Exclusive: Domestic giant Jaffer wants to bat on despite India snub

Written by: Aprameya .C
Updated: Thursday, January 2, 2014, 15:27 [IST]
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At 31, Wasim Jaffer was told by one of the national selectors that he will not be in the reckoning for India duty after "passing the selection age".

He was "hurt" by the selector's comment in 2008, but the love for the game and wearing the Mumbai jersey keeps the now 35-year-old Ranji Trophy record holder to carry on.

Exclusive: Jaffer wants to bat on

Having made his first-class debut in 1996-97 and now being the most run scorer and century maker in India's premier domestic tournament, Jaffer is in no mood to quit. The right-handed opener wants to bat on despite not considered for India berth.

Jaffer, with 51 first-class centuries and close to 17,000 runs, has been a batting giant in Indian domestic circuit. He is only the eighth Indian to score 50 or more first-class tons.

In an exclusive interview with ThatsCricket, Jaffer speaks about his life as a cricketer, Sachin Tendulkar's influence on him, the "khadoos" nature of Mumbai cricket, youngsters focusing on Twenty20 over four-day games among other issues.

Here are the excerpts

Question: Last year, you relinquished Mumbai captaincy. This season, you are back. Is it because the team is young and they needed a senior to guide them?

Wasim Jaffer: Yes, I did. They had no option. Abhishek Nayar got injured, Aditya Tare and those lots are in the second season and it is very hard work for them. Tare keeps wickets and opens batting. That is the reason why Mumbai wanted me to groom youngsters and lead them.

Q: What keeps you motivated to keep playing cricket and how long will you carry on?

Jaffer: I don't know how long I will carry on. Obviously I enjoy playing cricket even though I am not being picked for India for a long time even after doing well. I am lucky to play for Mumbai. There are a lot of expectations, demands are quite a lot. Being a senior it is nice to be around youngsters, guide them, teach them, that keeps me going. Scoring runs makes me happy.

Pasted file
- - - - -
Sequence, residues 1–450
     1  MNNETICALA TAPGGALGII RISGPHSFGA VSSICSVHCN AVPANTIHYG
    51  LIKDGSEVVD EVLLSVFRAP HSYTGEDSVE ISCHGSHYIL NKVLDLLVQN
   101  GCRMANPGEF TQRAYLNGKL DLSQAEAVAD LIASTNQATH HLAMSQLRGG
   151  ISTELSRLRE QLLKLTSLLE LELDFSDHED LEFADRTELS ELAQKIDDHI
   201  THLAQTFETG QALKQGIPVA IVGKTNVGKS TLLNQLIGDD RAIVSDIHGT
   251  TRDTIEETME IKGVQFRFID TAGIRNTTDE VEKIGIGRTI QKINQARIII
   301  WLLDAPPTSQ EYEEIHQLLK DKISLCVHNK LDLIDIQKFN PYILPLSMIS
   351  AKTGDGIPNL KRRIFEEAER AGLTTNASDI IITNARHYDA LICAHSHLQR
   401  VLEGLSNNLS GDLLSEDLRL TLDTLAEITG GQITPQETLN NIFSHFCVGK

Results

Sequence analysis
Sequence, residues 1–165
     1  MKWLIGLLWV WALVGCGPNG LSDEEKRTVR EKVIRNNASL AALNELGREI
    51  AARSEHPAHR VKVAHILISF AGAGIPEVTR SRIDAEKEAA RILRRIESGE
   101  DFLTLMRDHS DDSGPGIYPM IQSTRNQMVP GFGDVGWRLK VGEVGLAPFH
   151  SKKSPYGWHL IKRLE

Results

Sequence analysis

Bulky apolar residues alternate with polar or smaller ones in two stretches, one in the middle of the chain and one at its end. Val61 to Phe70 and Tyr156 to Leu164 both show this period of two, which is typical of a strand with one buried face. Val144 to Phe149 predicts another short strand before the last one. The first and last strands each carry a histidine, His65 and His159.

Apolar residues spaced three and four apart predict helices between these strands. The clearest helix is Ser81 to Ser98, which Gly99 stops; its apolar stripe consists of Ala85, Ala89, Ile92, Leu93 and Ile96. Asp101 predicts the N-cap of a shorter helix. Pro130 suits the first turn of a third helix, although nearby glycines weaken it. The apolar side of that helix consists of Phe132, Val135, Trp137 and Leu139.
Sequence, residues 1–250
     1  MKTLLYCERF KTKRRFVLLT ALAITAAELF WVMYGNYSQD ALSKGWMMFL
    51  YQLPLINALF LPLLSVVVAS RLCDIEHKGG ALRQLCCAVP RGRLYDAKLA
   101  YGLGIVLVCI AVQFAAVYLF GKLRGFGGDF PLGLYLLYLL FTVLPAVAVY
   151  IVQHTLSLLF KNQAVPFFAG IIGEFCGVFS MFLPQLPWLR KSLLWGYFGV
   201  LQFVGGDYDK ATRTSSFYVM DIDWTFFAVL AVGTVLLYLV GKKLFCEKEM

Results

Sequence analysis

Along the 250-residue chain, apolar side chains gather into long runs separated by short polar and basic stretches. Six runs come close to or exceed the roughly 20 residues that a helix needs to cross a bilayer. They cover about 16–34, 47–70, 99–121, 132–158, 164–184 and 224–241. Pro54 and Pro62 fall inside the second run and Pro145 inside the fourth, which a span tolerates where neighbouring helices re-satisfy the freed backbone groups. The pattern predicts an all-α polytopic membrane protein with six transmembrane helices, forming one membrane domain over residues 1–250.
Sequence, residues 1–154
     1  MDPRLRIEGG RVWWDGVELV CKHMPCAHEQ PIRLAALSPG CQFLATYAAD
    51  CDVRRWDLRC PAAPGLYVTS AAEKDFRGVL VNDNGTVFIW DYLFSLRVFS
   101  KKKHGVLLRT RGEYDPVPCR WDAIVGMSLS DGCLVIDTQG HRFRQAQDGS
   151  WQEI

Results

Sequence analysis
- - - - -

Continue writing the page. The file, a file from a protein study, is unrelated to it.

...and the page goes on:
At the end of the day, you want to play for India there is no doubt about it. But when that does not happen I still enjoy coming into first-class cricket and scoring runs. The whole aim is not to just play for India. I love this game. I enjoy batting, I enjoy scoring runs. I should not give up early and regret it later.

Q: How many years of cricket are left in you?

Jaffer: I don't keep a target. As long as I am enjoying and there are no serious injuries I will try and carry on.

Q: Does it hurt being ignored for Team India selection despite scoring big runs?

Jaffer: It does hurt. You want to score runs to get picked for India. I have got selected couple of times and dropped. In 2008, I had a very good season and scored 1,260 runs in Ranji Trophy alone. One of the selectors then told me that I have passed my age (for India selection) when I was only 31. That really hurt me to hear such a comment from a national selector. Somebody who is 31 and you are saying you have passed that age. I think batsmen and spin bowlers mature a much later not like a fast bowler whose physical fitness demands are different. That was hurting. Even then I was scoring consistently.

Last year I came very close (to selection) when I scored a hundred in Ranji Trophy final and in Irani Cup. However, the selectors preferred Shikhar (Dhawan). Obviously he did fantastically well. No regrets about it. One of the motivations is to win the Ranji Trophy. We get lot of chances to win. I alone have won Ranji Trophy eight times. So that keeps me motivated. If I was playing for some other state which does not qualify maybe the motivation factor would have been less. I play for Mumbai and there is always a chance of winning. There is a chance for you to contribute to win that trophy and that keeps me going.

Q: What is the secret of Mumbai's success?

Jaffer: I think our club cricket, school cricket has a lot to do for that. The youngsters play lot of matches and mature quite early than other teams. There are lot of players to look up to and there is rich history. There are so many players to come and tell you to pull your socks up if you are not playing well. And vice versa too, people are there to back you (when out of form).

There is no comfort zone. If players are taking shortcuts, people will come and let you not to. By the time a player reaches Ranji Trophy, he is a complete product. Obviously the "Khadoos" nature in Mumbai - to win at all costs is instilled at a very young age. A lot of other teams can take defeat easily but in Mumbai we really feel bad. When we lose it hurts us badly. We need to pull our socks up that is in our culture. You need to push the limits to be a better player.


Story first published:  Thursday, January 2, 2014, 15:25 [IST]
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